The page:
Dancing and drinking and what? Think. The wedding was clear. Her oldest friend, Sue Ellen, had tied the knot for the third time. A Tahiti honeymoon prompted a sarong wearing wedding party and champagne served in plastic coconut shells. The affair, held at The Lonesome Steer Honky Tonk, had been pretty tacky considering the wealth of the new husband, JT Cushing, owner of the largest ranch this side of the Rio Grande. She hadn’t gone to the wedding with anyone, but she’d certainly come home with someone.
Tiptoeing back to the bedroom, Abigail leaned against the doorframe and considered her surprise bedmate. The sun, slanting rays from the window over the bed, held him in a spotlight—as if announcing the presence of a featured guest.
A moan. The man rolled to his back, kicking off covers. Abigail gasped. Her gentleman visitor wore only a bow tie and black socks.
She crept to the edge of the bed. His face was turned away, further hidden by red curls hanging down the nape of his neck and onto his cheek. A visual sweep of the attractive body brought a smile to her face when she paused on his more than ample endowments. A true redhead. An encounter of this magnitude should be easy to remember.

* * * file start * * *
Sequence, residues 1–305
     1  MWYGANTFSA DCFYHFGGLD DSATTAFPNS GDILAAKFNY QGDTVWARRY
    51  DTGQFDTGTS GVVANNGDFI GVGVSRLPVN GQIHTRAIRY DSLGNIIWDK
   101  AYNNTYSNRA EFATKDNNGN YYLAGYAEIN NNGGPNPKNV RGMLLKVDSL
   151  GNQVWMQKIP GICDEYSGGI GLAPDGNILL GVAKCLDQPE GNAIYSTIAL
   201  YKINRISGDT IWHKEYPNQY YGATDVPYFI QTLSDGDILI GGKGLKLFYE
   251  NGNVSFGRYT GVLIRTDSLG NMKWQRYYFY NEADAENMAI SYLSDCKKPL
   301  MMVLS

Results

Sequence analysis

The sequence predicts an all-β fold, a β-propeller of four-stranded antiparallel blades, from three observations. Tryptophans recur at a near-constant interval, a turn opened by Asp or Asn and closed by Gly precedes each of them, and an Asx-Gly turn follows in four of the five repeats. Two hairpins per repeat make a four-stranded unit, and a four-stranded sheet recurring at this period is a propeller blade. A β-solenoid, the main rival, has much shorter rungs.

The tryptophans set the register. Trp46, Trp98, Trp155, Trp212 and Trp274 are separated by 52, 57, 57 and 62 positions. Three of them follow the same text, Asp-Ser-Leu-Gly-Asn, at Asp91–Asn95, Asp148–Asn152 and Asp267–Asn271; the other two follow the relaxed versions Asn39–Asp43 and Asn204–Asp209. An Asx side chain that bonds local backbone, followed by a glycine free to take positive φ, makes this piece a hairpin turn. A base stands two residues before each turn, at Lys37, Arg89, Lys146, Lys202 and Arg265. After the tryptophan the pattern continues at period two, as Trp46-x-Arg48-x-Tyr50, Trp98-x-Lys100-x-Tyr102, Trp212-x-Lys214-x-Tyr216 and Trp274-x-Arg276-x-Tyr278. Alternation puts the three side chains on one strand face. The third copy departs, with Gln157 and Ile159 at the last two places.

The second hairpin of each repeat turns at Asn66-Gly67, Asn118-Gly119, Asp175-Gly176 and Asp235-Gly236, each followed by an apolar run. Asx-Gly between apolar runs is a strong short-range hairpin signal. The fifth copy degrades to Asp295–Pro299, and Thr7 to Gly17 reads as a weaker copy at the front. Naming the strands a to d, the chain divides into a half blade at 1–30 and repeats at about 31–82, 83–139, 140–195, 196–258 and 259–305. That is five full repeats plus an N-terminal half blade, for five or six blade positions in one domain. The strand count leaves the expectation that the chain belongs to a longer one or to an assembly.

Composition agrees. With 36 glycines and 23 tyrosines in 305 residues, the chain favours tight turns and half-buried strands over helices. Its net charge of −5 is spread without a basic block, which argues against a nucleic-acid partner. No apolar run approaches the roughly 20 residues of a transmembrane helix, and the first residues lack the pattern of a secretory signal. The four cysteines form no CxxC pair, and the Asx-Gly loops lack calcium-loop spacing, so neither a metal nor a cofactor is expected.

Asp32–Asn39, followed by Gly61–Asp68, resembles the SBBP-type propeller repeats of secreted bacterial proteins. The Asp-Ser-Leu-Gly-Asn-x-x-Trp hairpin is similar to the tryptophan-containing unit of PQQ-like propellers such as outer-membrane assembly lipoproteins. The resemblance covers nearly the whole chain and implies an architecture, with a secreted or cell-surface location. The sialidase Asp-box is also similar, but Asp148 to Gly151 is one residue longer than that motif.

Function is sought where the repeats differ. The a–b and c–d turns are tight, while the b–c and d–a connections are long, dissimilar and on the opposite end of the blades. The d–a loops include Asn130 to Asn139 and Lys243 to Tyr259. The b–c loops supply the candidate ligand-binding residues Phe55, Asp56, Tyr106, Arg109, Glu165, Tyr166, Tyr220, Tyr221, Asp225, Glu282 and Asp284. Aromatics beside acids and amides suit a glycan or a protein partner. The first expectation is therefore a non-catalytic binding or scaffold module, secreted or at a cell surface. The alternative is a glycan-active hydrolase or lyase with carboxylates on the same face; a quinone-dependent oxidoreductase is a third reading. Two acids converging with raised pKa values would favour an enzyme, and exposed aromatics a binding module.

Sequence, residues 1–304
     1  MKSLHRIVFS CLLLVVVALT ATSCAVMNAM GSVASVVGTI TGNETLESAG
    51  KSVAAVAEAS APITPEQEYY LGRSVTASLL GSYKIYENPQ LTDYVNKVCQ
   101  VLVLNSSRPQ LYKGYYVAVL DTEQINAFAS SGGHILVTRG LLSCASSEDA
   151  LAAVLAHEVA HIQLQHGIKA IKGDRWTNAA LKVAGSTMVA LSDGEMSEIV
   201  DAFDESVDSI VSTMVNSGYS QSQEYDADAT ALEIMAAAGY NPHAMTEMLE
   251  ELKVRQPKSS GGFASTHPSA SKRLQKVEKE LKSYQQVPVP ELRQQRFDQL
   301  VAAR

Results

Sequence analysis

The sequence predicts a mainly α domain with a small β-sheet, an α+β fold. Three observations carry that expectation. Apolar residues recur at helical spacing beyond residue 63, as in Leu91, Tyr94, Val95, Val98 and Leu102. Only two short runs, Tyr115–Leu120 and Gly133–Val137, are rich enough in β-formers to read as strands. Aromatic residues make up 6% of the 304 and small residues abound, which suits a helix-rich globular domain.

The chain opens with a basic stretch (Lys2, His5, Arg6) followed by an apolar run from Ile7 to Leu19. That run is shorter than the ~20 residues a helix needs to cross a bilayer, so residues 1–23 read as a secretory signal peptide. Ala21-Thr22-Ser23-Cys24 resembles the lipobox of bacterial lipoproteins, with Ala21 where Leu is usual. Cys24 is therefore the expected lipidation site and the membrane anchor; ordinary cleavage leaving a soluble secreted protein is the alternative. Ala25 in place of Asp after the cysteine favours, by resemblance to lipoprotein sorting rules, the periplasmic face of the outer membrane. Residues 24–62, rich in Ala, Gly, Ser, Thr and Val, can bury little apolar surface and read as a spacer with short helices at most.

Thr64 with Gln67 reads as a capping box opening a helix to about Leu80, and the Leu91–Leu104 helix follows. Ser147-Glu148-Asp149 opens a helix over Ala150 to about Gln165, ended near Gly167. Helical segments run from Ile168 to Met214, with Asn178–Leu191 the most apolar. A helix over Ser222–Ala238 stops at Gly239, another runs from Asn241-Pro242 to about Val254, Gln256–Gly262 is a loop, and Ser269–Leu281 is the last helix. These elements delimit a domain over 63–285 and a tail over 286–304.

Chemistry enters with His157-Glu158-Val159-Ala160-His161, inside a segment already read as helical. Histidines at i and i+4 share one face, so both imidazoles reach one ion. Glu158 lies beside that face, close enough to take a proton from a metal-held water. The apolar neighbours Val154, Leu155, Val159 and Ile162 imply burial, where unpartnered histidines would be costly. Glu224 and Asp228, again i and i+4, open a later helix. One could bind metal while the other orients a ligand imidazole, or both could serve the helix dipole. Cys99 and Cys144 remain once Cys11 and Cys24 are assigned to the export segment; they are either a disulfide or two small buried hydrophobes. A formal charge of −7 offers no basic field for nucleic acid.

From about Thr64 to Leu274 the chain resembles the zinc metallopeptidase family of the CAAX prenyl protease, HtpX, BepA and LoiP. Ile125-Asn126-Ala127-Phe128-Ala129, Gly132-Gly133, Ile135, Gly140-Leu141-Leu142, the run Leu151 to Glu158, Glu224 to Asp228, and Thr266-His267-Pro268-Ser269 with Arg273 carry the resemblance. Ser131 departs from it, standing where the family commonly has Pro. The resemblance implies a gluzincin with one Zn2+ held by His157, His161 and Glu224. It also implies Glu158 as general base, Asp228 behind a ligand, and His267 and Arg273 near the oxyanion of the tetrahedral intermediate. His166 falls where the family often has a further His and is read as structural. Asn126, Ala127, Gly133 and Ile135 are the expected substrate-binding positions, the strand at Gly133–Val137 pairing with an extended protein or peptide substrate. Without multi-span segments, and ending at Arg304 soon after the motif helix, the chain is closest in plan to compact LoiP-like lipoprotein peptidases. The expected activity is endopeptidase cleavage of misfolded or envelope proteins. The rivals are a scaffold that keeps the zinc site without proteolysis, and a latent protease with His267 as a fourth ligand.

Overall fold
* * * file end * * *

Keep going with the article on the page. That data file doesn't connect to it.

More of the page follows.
Abigail smiled in spite of her throbbing temples. Inching closer, she nudged his boots aside with her foot and leaned over to see his face. Mmm. He smelled good, like rich leather and fresh cut wood. As she bent to get a closer look, Kirby, her sixteen pound Siamese cat, entered the room and announced his hunger.
The visitor stirred, grasped her arm, drawing her down across his hips.
He rose up on his elbows and looked at her. “So, Abby, you’re a morning person, are you?”
Abigail launched off the bed, trying not to come into contact with anymore of the warm body than she already had. Tripping over the boots, she ended up sprawled on the floor. “Who…” She gulped. “Who the hell are you?”
“Who am I? “Darlin’ I know I told you, you’ve got to believe it’s true.” He paused his singing. When she sat speechless, he sang out again, slightly off key. “Real love comes along once, and that real love is you.”
“You sure as hell aren’t Lance Dugan.”